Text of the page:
# View Source Quark.FixedPoint(Quark v2.3.3-doma)

Fixed point combinators generalize the idea of a recursive function. This can be used to great effect, simplifying many definitions.

For example, here is the factorial function written in terms of `y/1`:

``````iex> fac = fn fac ->
...>   fn
...>     0 -> 0
...>     1 -> 1
...>     n -> n * fac.(n - 1)
...>   end
...> end
...> factorial = y(fac)
...> factorial.(9)
362880``````

The resulting function will always be curried

``````iex> import Quark.SKI, only: [s: 3]
...> one_run = y(&s/3)
...> {_, arity} = :erlang.fun_info(one_run, :arity)
...> arity
1``````

# Link to this section Summary

## Functions

Alan Turing's fix-point combinator. This is the call-by-value formulation.

The famous Y-combinator. The resulting function will always be curried.

A normal order fixed point.

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# turing()

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Alan Turing's fix-point combinator. This is the call-by-value formulation.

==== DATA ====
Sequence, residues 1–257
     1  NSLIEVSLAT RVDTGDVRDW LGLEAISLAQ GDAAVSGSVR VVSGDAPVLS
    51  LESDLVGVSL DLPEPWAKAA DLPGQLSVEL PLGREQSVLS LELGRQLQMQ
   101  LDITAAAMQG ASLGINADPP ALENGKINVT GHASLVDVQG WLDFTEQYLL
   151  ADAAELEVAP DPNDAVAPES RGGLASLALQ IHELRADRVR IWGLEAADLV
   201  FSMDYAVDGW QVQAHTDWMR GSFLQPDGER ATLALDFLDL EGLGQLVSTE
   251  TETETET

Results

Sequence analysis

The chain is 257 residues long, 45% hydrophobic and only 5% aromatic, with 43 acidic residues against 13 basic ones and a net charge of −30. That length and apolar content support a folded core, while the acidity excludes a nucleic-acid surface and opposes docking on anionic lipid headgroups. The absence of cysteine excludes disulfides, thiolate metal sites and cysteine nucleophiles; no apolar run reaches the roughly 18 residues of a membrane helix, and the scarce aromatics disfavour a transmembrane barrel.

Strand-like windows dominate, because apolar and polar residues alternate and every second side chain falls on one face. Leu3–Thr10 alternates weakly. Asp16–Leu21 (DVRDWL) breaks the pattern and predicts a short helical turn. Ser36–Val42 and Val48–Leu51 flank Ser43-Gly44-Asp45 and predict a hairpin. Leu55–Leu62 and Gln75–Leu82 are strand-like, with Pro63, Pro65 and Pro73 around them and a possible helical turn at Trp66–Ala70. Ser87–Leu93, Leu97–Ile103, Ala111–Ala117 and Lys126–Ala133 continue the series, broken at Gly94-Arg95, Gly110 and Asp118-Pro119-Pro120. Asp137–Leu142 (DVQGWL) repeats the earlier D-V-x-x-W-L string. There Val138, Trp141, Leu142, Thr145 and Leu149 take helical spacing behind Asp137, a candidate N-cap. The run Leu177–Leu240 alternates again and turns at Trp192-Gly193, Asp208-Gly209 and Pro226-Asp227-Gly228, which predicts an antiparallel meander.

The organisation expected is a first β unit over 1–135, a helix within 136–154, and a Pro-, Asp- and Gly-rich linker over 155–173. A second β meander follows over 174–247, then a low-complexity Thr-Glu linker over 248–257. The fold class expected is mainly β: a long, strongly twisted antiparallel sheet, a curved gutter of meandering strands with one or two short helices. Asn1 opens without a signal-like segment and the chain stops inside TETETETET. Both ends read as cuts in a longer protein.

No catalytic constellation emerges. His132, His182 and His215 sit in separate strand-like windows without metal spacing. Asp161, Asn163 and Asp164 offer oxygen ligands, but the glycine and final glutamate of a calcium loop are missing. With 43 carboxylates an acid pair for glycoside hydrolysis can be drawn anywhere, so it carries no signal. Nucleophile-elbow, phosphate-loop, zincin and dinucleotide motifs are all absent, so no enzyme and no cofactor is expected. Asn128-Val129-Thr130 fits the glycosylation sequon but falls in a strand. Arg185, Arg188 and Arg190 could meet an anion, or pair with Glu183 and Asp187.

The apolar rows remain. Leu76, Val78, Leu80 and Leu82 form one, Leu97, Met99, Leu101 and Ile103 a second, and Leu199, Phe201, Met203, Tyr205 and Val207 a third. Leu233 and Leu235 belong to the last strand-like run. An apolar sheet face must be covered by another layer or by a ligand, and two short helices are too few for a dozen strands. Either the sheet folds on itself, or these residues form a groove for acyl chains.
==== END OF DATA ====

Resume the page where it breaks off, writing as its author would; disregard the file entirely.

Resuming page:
## examples Examples

``````iex> fac = fn fac ->
...>   fn
...>     0 -> 0
...>     1 -> 1
...>     n -> n * fac.(n - 1)
...>   end
...> end
...> factorial = turing(fac)
...> factorial.(9)
362880``````

# turing(fun)

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`@spec turing((... -> any())) :: (... -> any())`

# y()

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The famous Y-combinator. The resulting function will always be curried.

## examples Examples

``````iex> fac = fn fac ->
...>   fn
...>     0 -> 0
...>     1 -> 1
...>     n -> n * fac.(n - 1)
...>   end
...> end
...> factorial = y(fac)
...> factorial.(9)
362880``````

# y(fun)

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`@spec y((... -> any())) :: (... -> any())`

# z()

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A normal order fixed point.

## examples Examples

``````iex> fac = fn fac ->
...>   fn
...>     0 -> 0
...>     1 -> 1
...>     n -> n * fac.(n - 1)
...>   end
...> end
...> factorial = z(fac)
...> factorial.(9)
362880``````
`@spec z((... -> any()), any()) :: (... -> any())`